This video from Glasgow in Scotland says about itself:
May Day Parade – Demonstration of Workers & Students & Activists
2 May 2012
Trade unionists and political activists assemble in the square in preparation for the annual Workers Day parade and red flags flutter in the wind as people get their banners unfurled. There is a strong anti-cuts theme and there is a large student contingent on the demonstration as well as other-anti-cuts activists. “Students and workers, unite and fight!” is one of the slogans heard frequently during the demo.
The march is headed by a pipe band and backed up by a UNITE trade union bus decked with the union banner and a slogan saying “Cuts kills communities”.
This is a video of May Day ’11 (Sunday 1st). The 2012 one is on Sunday 6/05/12 (the first Sunday of May). As well as a pipe band there is a brass band. Many unions follow including UNISON, GMB, UCATT, RMT, the STUC, various trades councils, political parties and student and anti-cuts activists and single issue campaigners.
There was a GambiaCampaign.org banner campaigning for human rights in the Gambia. The Black Triangle disability rights organisation was there to campaign against cuts in disabled facilties and benefits.
The Accord centre for the severely disabled is under attack as the local government want to flatten it to make way for a car park for the Commonwealth Games, although there are already plenty of car parks in or close to the city centre. Later on in the demo the slogan “Commonwealth games, Commonwealth shame! Save the Accord right now!” can be heard.
The STUC women’s committee banner can be seen as well as the EIS teachers union banner and the civil servants’ Public and Commercial Services union banner. GU Anti-cuts Action Network banner is there as well as the Free Hetherington Uni occupation banner.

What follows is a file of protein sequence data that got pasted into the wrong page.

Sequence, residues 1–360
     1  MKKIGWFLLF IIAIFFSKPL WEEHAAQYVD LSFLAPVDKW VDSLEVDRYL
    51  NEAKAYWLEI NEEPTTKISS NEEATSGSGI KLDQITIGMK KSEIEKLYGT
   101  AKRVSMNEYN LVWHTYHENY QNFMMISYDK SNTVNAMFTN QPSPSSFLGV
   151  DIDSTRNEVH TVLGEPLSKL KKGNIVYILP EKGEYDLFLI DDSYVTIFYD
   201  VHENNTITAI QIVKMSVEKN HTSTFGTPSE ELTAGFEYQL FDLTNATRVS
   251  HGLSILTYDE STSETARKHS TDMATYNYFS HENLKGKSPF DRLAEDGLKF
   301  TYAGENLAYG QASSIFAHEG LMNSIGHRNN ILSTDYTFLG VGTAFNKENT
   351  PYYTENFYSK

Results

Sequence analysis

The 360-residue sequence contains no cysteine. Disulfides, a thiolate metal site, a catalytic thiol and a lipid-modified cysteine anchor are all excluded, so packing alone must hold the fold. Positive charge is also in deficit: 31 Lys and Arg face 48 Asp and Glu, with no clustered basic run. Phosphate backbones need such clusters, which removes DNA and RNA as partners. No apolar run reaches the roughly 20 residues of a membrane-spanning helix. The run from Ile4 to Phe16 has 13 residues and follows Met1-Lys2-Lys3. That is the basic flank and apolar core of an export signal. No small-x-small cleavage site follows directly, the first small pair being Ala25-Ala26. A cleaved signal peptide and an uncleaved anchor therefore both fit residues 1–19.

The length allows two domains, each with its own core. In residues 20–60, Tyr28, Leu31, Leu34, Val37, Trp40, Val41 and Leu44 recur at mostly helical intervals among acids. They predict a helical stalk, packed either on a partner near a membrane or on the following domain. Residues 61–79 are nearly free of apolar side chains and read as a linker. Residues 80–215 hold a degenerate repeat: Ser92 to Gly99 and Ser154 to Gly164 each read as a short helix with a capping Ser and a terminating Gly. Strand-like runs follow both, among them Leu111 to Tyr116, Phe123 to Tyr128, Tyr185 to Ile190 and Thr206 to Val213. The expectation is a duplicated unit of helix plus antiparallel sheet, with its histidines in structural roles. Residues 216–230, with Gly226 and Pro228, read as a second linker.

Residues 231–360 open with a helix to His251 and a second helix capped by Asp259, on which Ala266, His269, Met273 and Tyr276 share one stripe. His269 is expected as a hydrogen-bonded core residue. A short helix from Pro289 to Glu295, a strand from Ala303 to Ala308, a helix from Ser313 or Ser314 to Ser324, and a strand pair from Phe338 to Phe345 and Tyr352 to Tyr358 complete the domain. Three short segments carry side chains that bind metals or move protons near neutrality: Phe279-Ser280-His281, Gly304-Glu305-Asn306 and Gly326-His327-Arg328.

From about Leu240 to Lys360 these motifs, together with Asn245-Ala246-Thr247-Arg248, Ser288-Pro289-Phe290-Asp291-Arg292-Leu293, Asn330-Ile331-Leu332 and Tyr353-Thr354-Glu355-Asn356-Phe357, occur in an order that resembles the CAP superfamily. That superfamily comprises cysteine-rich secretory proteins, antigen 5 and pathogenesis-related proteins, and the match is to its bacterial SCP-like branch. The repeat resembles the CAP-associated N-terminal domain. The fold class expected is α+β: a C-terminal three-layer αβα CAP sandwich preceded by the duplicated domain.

“General strike! General strike!” is chanted by many of the demonstrators, as well as “Money for jobs and education, not for war and occupation!” and “Tory scum, here we come!”
When the demo passes an open deck tour bus tourists applaud the demonstraters. The demo passes the large glass building of the St Enoch Centre then under the railway bridge at the Saltmarket and Trongate. The Defend Glasgow Services banner is carried by trade unionists and a lone piper can be heard getting louder as he approaches. Some marchers were wearing a traditional worker’s cap or “bunnet”. Other people were dressed quite colourfully.
The Trongate clock tower chimes midday as the procession passes and the sound of chanting gets louder. “They say cut back; we say fight back” is the chant at this moment and a bicycle bell rings in time to the chant. One of the Save the Accord campaigners carries a placard reading “Booted by the suited.” i.e. booted out of their centre by the decision-makers in suits who don’t know the first thing about services and people’s needs.
One marcher speaking through a megaphone mentions the upcoming elections on Thursday and speaks in disgust about mainstream politics, reminding people that voting for mainstream politicians will make no difference since they are all pro-cuts.